Former television screenwriter Patty Lin revealed having experienced “overt racism” from “Desperate Housewives” series creator Marc Cherry.
“Overt racism”: In her newly released memoir “End Credits: How I Broke Up With Hollywood,” Lin details her experiences working with Cherry on the first season of the hit ABC drama. Although she contemplated leaving Hollywood in 2004, Lin says she stayed after being attracted to the show’s pilot script.
However, she claims she encountered challenges immediately upon joining the writers’ room for the first season. As the only person of color in a staff of 10, Lin says she experienced “overt racism” from Cherry. She recalls instances where Cherry made insensitive comments about her ethnicity and suggested she create a show similar to comedian Margaret Cho’s 1994 network sitcom, “All-American Girl,” due to their shared Asian background.
“I had never encountered overt racism until I worked for him,” Lin said. “I love Margaret Cho, but please don’t lump us together just because we’re both Asian women in show business.”
Cherry’s behavior: Lin goes on to describe a tumultuous working environment plagued by uncertainty about the show’s direction, characterizing Cherry as “impossible to please.” Cherry’s obsessive tendencies and missed deadlines allegedly contributed to an inefficient system, which Lin likens to a “Lord of the Flies situation.”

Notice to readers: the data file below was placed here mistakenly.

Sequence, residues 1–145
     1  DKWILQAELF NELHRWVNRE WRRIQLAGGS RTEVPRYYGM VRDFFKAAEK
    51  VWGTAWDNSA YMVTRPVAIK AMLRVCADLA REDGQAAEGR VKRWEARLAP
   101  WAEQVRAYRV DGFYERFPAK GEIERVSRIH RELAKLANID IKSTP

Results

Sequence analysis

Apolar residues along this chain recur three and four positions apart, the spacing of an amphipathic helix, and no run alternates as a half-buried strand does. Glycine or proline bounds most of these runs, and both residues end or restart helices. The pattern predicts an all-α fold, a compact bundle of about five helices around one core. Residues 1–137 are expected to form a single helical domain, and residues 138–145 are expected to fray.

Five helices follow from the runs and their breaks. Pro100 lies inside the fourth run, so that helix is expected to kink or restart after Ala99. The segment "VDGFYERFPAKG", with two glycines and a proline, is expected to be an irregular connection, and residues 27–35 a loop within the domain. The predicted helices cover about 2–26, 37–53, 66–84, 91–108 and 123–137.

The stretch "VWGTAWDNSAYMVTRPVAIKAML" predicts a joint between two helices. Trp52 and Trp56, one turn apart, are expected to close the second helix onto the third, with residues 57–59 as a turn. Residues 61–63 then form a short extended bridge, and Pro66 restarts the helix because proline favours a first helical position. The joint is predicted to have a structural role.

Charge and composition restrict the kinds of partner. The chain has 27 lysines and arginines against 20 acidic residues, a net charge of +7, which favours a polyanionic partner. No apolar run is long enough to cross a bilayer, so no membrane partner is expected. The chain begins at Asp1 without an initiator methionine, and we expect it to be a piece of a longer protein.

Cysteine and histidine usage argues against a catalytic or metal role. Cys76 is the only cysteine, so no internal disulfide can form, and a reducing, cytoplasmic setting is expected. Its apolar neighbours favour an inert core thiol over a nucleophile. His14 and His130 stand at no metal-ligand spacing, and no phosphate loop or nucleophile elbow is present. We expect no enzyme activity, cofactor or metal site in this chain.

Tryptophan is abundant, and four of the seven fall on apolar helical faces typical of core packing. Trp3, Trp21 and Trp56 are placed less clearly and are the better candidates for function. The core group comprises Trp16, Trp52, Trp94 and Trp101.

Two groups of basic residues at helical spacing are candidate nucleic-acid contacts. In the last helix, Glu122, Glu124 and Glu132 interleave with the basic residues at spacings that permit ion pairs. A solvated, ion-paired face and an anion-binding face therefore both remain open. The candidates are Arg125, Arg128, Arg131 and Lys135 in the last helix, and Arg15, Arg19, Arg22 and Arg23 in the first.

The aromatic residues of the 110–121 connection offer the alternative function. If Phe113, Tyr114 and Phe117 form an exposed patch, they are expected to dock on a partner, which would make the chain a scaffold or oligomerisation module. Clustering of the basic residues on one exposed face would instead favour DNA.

Lin also explains that while the writers were not explicitly barred from the set, they did not feel welcome there. The “Desperate Housewives” cast, including Teri Hatcher, Felicity Huffman, Marcia Cross and Eva Longoria, was largely seen by the writers only during table reads.
About the series: Despite Lin’s claims, “Desperate Housewives” achieved immense success, becoming a popular show that ran for eight years, won awards and generated substantial revenue. The series, which aired from 2004 to 2012, portrayed the lives of a group of women living on Wisteria Lane, exploring their dynamics and secrets through the perspective of a neighbor who had died by suicide in the show’s premiere.
About Lin: Lin, who also contributed to shows like “Friends,” “Breaking Bad” and “Freaks and Geeks,” retired from TV writing in 2008. Her experiences align with ongoing calls from writers for well-structured and fairly compensated systems in the entertainment industry.